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Discussion Starter · #1 ·
Hello,

I have a 45g (36 1/4" x 12 5/8" x 23 3/4") I bought on sale a couple of years ago. It's a pain in the ass to aquascape because it's so tall and narrow. I thought maybe building a waterfall on one end and filling the tank about half full would look cool. I was originally planning on using an Oase Biomaster 300 canister filter that is currently running on another tank, but I've decided to leave that there, so filtration is an open question too. Anyone have any ideas on waterfall construction other than piling up rocks? I can certainly do that. I've seen nano aquariums use corrugated plastic to build height and chambers for filtration and pumps. It doesn't look easy to clean & maintain those for any length of time. Ideally I'd love to have two levels with small (tiny probably) pools a few terrestrial plants and a UNS Atomizer I just bought for that misty/foggy look.

Anything that I should be aware of or help would be greatly appreciated. Fish will be c. habrosus and CPDs. Plants not quite sure, but as much moss as I can put around the falls and enough plant coverage to keep the CPDs healthy, but mostly it should look like a river bottom. There isn't a lot of space for wood, which has always been an issue in scaping this PITA aquarium.

Thanks!
 

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Just a heads up, while the mister/foggers look cool, they may leave enough condensation on the front glass that it makes it hard to view the terrestrial portions of the tank/pallidarium. 40 might be big enough it wwon't affect the front?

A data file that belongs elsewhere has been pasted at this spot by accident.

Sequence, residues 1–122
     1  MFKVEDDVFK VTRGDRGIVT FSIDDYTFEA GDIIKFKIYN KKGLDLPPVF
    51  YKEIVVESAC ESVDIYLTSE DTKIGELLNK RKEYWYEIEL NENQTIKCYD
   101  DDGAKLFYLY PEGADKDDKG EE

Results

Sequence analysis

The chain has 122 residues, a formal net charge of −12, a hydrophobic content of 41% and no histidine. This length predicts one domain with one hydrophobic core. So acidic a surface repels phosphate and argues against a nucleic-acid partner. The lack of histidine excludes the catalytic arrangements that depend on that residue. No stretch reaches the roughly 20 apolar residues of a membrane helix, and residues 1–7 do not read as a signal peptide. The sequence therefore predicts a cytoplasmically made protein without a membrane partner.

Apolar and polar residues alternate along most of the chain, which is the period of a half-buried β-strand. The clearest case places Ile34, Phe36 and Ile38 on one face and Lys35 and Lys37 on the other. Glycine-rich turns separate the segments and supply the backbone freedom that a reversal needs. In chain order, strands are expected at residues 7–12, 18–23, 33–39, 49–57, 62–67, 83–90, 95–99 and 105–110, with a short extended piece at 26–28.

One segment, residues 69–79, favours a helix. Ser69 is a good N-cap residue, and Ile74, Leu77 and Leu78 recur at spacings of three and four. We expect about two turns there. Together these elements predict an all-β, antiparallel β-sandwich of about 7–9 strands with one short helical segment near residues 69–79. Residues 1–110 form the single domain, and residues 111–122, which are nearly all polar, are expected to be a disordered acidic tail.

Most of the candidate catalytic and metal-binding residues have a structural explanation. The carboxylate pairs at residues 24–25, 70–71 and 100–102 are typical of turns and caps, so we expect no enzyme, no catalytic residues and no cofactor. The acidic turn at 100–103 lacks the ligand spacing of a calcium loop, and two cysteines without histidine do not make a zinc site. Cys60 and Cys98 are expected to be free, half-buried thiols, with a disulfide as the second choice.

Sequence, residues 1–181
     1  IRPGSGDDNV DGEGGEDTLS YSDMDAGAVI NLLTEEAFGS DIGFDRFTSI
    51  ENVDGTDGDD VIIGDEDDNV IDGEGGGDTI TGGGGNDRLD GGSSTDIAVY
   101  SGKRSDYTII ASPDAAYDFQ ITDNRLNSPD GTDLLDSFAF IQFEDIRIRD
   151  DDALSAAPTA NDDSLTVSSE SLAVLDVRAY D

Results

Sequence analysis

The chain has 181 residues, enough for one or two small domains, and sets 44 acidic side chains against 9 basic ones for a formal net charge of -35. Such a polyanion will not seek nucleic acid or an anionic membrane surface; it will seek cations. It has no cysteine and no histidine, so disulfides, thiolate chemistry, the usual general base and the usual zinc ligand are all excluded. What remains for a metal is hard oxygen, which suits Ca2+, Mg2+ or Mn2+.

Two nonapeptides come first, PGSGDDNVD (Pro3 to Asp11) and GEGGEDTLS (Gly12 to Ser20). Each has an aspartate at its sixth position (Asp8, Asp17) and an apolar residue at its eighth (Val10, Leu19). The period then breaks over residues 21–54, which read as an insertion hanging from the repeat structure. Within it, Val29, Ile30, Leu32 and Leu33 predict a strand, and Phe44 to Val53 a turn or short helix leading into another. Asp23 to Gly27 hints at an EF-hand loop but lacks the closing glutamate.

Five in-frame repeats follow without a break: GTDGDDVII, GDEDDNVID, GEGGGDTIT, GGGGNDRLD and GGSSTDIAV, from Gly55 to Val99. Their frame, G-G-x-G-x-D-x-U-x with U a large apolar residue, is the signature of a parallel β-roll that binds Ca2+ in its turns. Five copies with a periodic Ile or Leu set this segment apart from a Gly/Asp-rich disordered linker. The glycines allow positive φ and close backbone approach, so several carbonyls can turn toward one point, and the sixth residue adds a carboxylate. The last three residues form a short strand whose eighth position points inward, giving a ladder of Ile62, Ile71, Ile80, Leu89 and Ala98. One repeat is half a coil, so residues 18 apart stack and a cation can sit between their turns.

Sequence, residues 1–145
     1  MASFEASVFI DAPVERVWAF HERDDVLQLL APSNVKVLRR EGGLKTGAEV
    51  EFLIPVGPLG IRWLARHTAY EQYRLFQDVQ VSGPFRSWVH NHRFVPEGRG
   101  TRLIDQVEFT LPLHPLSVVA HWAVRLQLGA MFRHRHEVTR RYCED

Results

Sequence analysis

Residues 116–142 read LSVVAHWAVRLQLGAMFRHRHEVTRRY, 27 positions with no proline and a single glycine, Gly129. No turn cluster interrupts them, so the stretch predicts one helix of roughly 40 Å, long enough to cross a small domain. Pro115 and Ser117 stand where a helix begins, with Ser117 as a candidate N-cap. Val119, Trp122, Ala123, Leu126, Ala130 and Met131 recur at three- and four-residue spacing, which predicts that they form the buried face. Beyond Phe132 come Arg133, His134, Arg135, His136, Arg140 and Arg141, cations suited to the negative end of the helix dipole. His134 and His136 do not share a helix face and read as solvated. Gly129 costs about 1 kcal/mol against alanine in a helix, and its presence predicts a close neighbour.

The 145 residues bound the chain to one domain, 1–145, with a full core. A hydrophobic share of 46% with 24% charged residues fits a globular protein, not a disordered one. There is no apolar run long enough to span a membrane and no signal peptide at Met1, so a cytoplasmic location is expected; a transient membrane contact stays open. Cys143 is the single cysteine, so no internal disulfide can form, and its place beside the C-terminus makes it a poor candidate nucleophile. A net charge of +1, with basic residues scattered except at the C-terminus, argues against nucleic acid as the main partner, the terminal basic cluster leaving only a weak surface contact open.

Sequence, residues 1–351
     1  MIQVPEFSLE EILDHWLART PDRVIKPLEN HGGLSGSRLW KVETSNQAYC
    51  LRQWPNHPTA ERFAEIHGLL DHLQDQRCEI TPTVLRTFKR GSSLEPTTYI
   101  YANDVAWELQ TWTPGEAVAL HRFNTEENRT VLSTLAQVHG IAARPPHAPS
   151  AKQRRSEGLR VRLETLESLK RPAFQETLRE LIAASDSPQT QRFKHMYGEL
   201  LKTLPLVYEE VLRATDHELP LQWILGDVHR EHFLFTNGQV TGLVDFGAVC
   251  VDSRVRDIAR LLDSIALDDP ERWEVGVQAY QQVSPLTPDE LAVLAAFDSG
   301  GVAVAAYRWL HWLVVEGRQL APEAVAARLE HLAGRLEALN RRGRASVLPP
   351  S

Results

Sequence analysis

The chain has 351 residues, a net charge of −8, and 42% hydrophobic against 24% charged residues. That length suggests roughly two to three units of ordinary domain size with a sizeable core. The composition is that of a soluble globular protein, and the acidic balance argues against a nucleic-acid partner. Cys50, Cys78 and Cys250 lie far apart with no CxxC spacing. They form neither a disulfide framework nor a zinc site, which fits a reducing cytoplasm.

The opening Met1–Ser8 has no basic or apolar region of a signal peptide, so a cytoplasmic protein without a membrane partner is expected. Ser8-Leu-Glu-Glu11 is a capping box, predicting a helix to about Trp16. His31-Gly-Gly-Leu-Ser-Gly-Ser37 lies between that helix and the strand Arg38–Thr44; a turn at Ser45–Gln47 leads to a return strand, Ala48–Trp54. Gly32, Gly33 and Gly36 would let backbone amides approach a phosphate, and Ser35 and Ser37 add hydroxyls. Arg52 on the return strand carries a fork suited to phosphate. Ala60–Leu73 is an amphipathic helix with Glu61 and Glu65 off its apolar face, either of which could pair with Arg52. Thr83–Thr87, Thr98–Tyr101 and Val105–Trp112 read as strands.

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16g rimless cherry shrimp, 20g cube dwarf cichlid, 40g breeder nano community.
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Discussion Starter · #3 ·
Just a heads up, while the mister/foggers look cool, they may leave enough condensation on the front glass that it makes it hard to view the terrestrial portions of the tank/pallidarium. 40 might be big enough it wwon't affect the front?
Something to consider for sure. If it's too much of a bother, or just a novelty, I'll pull it out. I just got that yesterday and haven't even pulled it out of the box yet.
 

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Something to consider for sure. If it's too much of a bother, or just a novelty, I'll pull it out. I just got that yesterday and haven't even pulled it out of the box yet.
I used one in my chamelion set up a long time ago. Pretty cool device, and I'm sure they are more adjustable than they were back then.
 

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Canister filters aren't generally a good idea to use on a half-full tank. They depend on a gravity siphon to fill so it's very easy for them to lose prime and run dry when used for a paludarium like this. Your best bet will be to use a powerhead attached to outlets that will feed the waterfalls. Check out paludarium builds online to get some ideas of how you might want to do this. Serpa Design is a good place to start.
 

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Discussion Starter · #6 ·
I